There’s long been a shortage of children’s books with kids of color at the center of the narratives. Publishers, fortunately, are starting to change...
STEM is for everyone
Science, technology, engineering and mathematics fields have long been stereotyped as nerdy and, even worse, as a world only for boys. Here are some books that can help change those perceptions by celebrating the fun of STEM learning for all!
Sometimes STEM-focused kids learn better through pictures and schematics than through narratives. This book’s simple, lucid visuals demonstrate how everything from straws to toilets (tee hee!) work. When you get stumped by a barrage of “Why?” questions, you and the little one can pull out this reference and discover the answer together!
Ages 4–6 • $10.99
Coding may seem like an intimidating, arcane skill to many in our generation, but it doesn’t have to feel that way for our kids. The organization Girls Who Code was established to demystify the increasingly important ability, and it does so cleverly with this fun story of a girl trying to program a robot to build her a sandcastle.
Ages 4–8 • $16.99
Learn how to make ice cream, a stomp rocket, greeting cards that light up, geode eggs, tutus, terrariums and of course, that persistently popular (to the chagrin of many parents) slime! Of course, despite the name, boys can also enjoy these dozens of crafty engineering challenges.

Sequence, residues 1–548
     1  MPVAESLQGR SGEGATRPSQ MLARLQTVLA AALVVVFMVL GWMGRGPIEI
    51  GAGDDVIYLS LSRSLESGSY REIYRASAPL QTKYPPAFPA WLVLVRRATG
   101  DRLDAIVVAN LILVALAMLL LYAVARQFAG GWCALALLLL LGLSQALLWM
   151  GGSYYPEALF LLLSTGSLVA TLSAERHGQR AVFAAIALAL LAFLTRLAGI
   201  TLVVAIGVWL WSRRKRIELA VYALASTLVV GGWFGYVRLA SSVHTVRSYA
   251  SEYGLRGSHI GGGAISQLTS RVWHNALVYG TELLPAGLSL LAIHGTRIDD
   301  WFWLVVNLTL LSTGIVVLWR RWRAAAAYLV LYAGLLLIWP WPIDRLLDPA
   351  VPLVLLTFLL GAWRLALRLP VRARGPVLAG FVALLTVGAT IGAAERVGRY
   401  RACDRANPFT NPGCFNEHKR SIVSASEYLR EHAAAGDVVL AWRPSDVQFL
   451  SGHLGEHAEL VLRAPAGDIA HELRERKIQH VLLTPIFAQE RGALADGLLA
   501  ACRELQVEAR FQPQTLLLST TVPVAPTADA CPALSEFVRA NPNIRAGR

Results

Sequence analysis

Ages 5–8 • $16.95
Danica McKellar, who played Winnie in The Wonder Years, has written a treasure trove of books encouraging kids to explore mathematics. This board book (a rare format for STEM themes) introduces the concept of addition using “counting on,” a method often taught in kindergarten. Older kids should try McKellar’s vibrant and engaging Do Not Open This Math Book.
Ages 2–5 • $8.99
Young Maxine wants to march her beloved goldfish, Milton, in her school’s pet parade. But how? She can’t exactly just put a leash on him. After dozens of failures, she finally cobbles some recycled odds and ends into an impressive “float” (pun intended). Her charming story can inspire kids to join the burgeoning Maker Movement.
Ages 4–8 • $16.99
Ed Dykhuizen is an associate editor at Minnesota Parent and father of three who lives in St. Paul.
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